While IKEA is primarily known as that overwhelming warehouse with great deals on build-it-yourself furniture, the international retailer has also been making itself known in the sustainability space. Most recently, IKEA announced two initiatives to help support a circular economy. In Scotland, IKEA will be expanding its used furniture exchange system, and in Switzerland, the store is testing out furniture and kitchen rentals.
As reported by The Guardian, IKEA has been trialing the furniture exchange system in Edinburgh, Scotland for more than a year. Now, the chain has announced plans to launch a trial in Glasgow, Scotland in June. However, similar programs have also been offered at IKEAs in Japan, according to Curbed, as well as Spain, according to IKEA Spain's website. As per instructions on IKEA Spain's website, here's how the program works: First, fill out a form and attach photos of your used IKEA furniture item. Then, an employee will evaluate the furniture and send you an offer. Next, you take your furniture into an IKEA store, where you will receive your offer in the form of IKEA store credit.
And no, IKEA isn't stripping your Norråker table and selling it for parts. IKEA is simply placing the items in the store's bargain corner, where they will be sold for the same exact value of your store credit. So as long as the furniture in the bargain corner gets sold, IKEA is merely breaking even on this program — which shows the brand's dedication to a circular business. By offering this buyback and resale scheme, IKEA is lowering the demand for new products made of new materials, as well as keeping more products out of the landfill.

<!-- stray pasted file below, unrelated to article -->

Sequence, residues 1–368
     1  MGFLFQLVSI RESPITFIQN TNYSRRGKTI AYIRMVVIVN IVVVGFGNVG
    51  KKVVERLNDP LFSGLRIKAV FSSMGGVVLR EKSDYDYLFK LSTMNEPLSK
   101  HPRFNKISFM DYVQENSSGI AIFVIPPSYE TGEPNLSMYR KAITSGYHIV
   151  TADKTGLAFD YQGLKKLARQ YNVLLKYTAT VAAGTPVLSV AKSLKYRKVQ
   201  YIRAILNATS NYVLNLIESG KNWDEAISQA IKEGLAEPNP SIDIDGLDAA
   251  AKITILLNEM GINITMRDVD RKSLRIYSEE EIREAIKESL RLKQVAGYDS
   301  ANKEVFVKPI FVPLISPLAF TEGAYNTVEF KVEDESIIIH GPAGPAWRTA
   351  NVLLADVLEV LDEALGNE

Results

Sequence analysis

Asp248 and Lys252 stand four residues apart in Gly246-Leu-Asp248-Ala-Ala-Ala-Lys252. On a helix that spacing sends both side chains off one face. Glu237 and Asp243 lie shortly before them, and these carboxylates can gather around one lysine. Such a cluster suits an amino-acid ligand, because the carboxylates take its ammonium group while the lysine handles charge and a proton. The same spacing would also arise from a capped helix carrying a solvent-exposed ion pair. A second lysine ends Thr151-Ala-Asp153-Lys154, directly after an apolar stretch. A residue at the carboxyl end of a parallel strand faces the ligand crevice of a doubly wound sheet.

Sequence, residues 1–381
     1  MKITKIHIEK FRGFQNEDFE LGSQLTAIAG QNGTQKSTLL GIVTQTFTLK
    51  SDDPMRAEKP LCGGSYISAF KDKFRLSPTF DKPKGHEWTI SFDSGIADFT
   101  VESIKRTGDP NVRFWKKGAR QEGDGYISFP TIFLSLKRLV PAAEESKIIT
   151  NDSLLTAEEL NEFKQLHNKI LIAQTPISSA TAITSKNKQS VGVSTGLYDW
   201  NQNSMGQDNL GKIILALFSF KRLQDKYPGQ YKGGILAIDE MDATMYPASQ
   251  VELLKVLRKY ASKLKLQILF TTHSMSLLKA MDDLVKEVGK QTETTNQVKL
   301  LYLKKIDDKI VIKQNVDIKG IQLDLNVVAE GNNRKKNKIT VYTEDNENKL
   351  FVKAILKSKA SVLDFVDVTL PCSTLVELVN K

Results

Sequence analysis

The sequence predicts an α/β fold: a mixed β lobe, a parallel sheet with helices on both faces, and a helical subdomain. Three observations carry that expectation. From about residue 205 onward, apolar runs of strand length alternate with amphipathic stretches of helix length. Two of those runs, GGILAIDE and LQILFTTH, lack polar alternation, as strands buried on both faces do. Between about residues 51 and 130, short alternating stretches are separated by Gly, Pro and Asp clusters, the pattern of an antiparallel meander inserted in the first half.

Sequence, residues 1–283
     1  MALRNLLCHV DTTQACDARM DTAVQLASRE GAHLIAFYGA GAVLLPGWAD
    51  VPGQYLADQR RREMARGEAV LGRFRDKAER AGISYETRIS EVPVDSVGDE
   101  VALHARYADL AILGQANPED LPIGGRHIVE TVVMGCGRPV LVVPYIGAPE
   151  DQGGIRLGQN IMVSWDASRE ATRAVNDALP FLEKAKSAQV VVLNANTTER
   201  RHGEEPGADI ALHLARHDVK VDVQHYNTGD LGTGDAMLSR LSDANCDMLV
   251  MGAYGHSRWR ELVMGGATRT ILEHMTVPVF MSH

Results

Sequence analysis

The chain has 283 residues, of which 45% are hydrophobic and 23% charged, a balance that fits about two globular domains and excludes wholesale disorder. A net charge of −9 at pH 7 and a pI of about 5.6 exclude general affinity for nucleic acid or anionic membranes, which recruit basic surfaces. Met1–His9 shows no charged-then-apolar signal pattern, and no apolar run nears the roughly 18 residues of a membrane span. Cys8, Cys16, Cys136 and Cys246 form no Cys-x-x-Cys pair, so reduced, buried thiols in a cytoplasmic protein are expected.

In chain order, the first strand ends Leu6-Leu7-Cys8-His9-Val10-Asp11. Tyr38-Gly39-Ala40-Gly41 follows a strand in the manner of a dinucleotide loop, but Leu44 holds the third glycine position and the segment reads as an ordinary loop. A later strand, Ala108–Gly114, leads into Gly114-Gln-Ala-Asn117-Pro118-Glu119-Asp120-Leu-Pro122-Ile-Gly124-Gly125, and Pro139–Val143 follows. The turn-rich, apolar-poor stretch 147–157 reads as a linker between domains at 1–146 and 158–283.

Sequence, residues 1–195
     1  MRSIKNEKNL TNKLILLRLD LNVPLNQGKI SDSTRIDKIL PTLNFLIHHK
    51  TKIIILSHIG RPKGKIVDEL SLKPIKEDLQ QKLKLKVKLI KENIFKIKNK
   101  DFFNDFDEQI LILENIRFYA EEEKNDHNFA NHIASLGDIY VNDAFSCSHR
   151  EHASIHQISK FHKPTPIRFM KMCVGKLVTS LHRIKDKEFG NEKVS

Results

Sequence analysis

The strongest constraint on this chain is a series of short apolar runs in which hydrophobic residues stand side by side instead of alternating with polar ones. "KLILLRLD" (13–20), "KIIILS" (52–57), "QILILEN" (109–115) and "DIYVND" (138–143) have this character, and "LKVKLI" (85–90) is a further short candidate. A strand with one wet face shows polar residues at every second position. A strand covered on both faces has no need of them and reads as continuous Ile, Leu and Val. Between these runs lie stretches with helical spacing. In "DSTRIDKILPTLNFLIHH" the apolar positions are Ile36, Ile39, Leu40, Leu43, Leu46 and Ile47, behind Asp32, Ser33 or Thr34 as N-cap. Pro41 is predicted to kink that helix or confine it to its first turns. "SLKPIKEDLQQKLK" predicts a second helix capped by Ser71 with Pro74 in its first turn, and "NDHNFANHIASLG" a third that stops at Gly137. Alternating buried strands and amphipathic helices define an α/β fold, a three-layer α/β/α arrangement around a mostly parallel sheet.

And over in Switzerland, IKEA is about to launch a subscription service for furniture. As explained by Digiday, the program will allow customers to lease furniture from IKEA. After returning the items, IKEA will refurbish and then lease them again. The Financial Times spoke with Torbjorn Loof, chief executive of IKEA's parent company Inter Ikea, who explained what happens with items when their lease is up. "Instead of throwing those away, we refurbish them a little and we could sell them, prolonging the lifecycle of the products," Loof told the Financial Times, as reported by CNBC,
Additionally, another IKEA spokesperson told CNBC that IKEA's quest to become more eco-friendly is causing the brand to continually revamp its business model. Hege Sæbjørnsen, IKEA U.K.'s sustainability manager, echoed that sentiment while speaking with The Guardian about some of IKEA's recent sustainable innovations. “We are almost in startup mode, testing business models,” Sæbjørnsen said, according to the outlet. “We are building the foundations towards [leasing and reuse] so we can scale quickly.”
IKEA Greenwich is our most sustainable store yet and getting your products home is now as easy as riding a bike – literally. With the help of @ZedifyUK, your goods will be delivered to your door safely and sustainably. https://t.co/8drzWkbR1m #IKEAGreenwich pic.twitter.com/MAkOfM1PvK— IKEA UK (@IKEAUK) February 4, 2019
And finally, IKEA just opened a new store in Greenwich, a borough of London, on Tuesday, Feb. 7. As IKEA proudly declared on its website, this location is IKEA's most eco-friendly store yet: "Designed with Londoners and the environment in mind, IKEA Greenwich is our most sustainable store. Explore this unique space and you’ll discover greywater recycling, rainwater treatment and solar panels – plus a sensory wildlife garden, learning lab and more." The Greenwich IKEA will feature a living green wall, a veggie dog cart, art made of repurposed IKEA catalogues, and a slew of events and workshops to help customers make their lifestyles more eco-friendly.
In terms of being a fully circular, closed-loop business, IKEA still has a long way to go. However, the fact that the brand is so consistently rolling out new initiatives to bring itself closer to that goal is exciting, and shows that achieving it is an actual possibility.